Sustainability can be associated with wildly expensive technological advances. Which not coincidentally can immediately turn off clients. So how do we define it? What does it mean, from a resource-conservation standpoint, as well as from a business one? For one viewpoint, we turn to Mark English, AIA. He has promoted sustainability efforts on several different levels for years. That means that not only does he incorporate sustainable strategies in his designs, he also helps other firms implement them in their work. He has been involved in programs including the California Solar Initiative, Green-point Rating, and he is also a Director on San Francisco’s AIA Board. He also edits two online publications including “Green Compliance Plus” where articles explore such topics as Passive Houses and the debate on Green Certification, and which also assists other professionals in meeting energy-efficient goals. Another publication, “The Architect’s Take,” presents news from an architectural standpoint. In fact one of those articles provided the basis for some of this author’s work.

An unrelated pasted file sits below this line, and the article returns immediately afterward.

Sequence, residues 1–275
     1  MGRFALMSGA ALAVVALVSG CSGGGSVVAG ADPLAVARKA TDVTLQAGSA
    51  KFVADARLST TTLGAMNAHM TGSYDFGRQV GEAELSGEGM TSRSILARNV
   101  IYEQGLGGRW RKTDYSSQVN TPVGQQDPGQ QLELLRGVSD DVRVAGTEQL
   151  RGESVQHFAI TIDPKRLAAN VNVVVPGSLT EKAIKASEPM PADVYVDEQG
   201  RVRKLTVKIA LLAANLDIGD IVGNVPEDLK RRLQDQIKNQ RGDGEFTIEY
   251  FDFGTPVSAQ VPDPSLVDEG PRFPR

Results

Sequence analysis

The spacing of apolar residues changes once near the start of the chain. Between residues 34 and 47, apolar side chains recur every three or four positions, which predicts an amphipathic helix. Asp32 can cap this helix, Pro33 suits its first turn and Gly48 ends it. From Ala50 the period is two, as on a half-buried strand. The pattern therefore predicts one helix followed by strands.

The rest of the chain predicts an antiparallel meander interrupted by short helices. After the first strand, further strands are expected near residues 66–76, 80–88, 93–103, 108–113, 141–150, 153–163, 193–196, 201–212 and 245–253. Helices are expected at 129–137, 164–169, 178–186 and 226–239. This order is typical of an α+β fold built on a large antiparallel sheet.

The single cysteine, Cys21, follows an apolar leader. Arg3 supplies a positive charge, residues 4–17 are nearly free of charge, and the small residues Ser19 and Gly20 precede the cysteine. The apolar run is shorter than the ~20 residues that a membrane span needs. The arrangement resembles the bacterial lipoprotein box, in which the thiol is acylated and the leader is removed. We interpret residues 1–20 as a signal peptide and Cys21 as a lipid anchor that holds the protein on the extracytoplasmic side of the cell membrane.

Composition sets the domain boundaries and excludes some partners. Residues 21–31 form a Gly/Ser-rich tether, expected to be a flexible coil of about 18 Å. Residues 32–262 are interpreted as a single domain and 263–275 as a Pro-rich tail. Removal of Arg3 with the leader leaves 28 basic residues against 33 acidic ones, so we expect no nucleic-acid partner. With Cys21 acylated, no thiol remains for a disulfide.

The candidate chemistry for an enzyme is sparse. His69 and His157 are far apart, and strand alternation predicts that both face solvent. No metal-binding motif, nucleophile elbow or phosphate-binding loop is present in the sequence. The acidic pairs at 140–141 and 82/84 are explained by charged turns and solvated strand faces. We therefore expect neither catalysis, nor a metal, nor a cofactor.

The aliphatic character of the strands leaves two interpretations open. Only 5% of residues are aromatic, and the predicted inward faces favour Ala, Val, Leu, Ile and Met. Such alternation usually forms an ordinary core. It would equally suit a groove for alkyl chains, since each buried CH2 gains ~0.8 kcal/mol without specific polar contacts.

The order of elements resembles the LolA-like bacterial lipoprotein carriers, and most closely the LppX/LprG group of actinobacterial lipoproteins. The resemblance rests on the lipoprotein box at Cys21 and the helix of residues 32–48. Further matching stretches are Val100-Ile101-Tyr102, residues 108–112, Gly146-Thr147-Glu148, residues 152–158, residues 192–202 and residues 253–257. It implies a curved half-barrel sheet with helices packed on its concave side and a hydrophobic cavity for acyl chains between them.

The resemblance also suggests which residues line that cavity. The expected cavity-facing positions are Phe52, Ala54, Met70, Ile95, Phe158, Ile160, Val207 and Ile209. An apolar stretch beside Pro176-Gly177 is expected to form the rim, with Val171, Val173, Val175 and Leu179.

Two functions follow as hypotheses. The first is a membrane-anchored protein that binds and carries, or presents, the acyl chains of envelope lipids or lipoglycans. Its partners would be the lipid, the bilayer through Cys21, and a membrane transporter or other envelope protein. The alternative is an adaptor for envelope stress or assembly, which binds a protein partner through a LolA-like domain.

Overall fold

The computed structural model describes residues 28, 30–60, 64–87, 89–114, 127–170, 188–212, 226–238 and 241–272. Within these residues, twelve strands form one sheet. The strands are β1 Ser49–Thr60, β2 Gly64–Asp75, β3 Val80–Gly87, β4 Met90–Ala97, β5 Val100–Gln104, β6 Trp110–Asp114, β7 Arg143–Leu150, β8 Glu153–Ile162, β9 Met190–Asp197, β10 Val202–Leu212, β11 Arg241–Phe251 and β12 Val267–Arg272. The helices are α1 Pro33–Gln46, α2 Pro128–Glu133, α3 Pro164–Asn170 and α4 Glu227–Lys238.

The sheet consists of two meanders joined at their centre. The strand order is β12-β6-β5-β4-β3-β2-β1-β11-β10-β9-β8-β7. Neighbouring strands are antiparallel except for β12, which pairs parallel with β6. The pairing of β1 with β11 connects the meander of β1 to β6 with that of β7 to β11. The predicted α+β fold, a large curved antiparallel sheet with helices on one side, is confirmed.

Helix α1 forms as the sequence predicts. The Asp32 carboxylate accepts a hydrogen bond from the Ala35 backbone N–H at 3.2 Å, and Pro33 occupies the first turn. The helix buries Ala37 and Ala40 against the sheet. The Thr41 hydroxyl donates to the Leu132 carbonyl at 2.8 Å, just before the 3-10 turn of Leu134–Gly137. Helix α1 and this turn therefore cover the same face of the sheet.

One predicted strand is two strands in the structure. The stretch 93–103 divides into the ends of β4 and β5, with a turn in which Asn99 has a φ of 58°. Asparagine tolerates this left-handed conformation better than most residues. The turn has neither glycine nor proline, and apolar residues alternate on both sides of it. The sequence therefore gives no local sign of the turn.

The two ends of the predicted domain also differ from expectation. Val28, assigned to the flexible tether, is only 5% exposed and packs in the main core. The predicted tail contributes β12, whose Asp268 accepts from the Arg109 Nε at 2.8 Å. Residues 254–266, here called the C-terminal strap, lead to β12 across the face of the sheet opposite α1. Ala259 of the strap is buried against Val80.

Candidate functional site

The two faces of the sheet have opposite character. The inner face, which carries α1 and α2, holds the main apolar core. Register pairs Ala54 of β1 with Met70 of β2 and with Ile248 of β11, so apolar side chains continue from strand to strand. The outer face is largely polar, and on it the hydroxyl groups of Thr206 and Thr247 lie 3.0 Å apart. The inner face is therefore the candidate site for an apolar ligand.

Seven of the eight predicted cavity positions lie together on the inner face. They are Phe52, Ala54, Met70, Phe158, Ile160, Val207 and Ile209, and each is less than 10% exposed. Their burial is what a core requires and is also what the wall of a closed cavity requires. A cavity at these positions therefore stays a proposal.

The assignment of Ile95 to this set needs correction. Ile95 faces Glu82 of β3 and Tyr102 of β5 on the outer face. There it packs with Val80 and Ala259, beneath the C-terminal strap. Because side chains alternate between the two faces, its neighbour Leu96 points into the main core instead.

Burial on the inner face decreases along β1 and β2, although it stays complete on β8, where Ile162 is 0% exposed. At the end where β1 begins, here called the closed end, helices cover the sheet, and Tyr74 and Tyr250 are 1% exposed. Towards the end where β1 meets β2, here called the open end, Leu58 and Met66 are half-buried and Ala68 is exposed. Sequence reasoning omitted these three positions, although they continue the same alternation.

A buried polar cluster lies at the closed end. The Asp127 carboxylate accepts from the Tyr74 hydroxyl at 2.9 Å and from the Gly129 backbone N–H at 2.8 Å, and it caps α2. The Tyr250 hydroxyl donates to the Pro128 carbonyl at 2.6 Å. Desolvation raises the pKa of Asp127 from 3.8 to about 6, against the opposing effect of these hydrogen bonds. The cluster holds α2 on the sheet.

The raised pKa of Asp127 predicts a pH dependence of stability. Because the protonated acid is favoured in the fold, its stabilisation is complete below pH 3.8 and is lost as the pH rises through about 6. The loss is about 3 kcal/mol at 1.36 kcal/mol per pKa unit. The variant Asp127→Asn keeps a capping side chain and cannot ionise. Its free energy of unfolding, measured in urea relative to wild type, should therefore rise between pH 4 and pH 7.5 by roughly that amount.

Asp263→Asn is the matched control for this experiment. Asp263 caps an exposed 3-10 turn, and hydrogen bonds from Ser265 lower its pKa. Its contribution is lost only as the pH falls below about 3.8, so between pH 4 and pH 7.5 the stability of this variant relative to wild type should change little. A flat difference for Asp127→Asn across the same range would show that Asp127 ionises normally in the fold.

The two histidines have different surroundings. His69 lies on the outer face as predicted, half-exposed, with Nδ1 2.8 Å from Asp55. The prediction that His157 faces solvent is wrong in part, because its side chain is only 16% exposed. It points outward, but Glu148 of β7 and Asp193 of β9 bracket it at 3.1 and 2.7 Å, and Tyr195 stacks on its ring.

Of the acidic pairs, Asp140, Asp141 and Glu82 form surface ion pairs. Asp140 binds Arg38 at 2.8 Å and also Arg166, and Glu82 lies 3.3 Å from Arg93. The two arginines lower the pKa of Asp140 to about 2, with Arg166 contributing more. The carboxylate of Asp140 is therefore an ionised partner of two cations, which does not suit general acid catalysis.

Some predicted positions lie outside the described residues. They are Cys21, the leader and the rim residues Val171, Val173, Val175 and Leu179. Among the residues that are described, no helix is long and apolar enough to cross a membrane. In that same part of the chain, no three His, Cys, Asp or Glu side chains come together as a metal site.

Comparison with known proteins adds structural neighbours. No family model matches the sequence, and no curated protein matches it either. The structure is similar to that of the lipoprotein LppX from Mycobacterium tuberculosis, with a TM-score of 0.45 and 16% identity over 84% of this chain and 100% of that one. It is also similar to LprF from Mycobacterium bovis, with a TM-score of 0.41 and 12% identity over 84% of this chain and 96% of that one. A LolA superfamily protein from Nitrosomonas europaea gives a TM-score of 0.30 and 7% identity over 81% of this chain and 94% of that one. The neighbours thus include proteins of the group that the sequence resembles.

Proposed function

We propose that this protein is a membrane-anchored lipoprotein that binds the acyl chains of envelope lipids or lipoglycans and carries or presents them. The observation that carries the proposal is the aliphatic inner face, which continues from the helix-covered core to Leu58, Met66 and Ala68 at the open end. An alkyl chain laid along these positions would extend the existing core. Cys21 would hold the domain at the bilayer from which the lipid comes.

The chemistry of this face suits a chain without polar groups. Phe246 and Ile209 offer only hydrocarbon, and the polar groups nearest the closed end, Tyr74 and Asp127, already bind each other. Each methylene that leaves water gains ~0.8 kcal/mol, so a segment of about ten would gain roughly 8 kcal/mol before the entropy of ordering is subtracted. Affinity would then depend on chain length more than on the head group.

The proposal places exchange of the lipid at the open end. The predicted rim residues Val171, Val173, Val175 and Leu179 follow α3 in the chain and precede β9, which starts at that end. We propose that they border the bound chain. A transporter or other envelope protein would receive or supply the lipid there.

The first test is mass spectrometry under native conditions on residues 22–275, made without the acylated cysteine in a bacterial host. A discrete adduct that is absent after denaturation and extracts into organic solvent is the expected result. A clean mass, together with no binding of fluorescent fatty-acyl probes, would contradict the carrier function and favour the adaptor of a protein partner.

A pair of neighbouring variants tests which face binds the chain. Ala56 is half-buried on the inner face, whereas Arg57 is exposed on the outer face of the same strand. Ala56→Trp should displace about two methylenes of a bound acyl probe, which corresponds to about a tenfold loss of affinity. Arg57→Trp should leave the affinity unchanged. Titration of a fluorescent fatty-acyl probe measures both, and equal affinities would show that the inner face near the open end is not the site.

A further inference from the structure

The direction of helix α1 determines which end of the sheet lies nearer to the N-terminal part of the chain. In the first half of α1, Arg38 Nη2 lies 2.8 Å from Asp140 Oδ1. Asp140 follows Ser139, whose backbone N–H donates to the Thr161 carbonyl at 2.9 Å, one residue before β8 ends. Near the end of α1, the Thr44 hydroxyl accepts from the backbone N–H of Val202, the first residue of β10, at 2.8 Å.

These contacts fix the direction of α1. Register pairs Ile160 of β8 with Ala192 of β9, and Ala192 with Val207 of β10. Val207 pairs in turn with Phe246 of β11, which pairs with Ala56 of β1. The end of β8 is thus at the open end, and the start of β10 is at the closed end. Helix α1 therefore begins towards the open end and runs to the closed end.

But what is most interesting about Mr. English’s approach to sustainable strategies is they are practical, which appeals to those who think that sustainability is merely a fad. Instead, Mr. English observes that implementing green strategies is not about faddish technological advances. It is about saving money. No, we aren’t discussing those persuasions which start with, “Well, yes it does cost a lot but in ten years, you’ll more than recoup your initial outlay.” Instead, Mr. English offers some pragmatic tips, observations, and goals. For example, when asked what his goal is in promoting sustainability, here is what he says, “Sustainability is about common sense. It isn’t a movement, a reaction, or a philosophy. It’s simply about doing no harm, making thoughtful choices, and being concerned with the impact of your actions over time. It is essentially a conservative approach to life and building. Obviously, to care about this requires not thinking about yourself all the time. My main goal in promoting sustainability is maintaining common sense. Every intervention is expensive in every sense of the word; time, impact, resources, risk. A successful building is one that lasts because it is relevant and delightful.”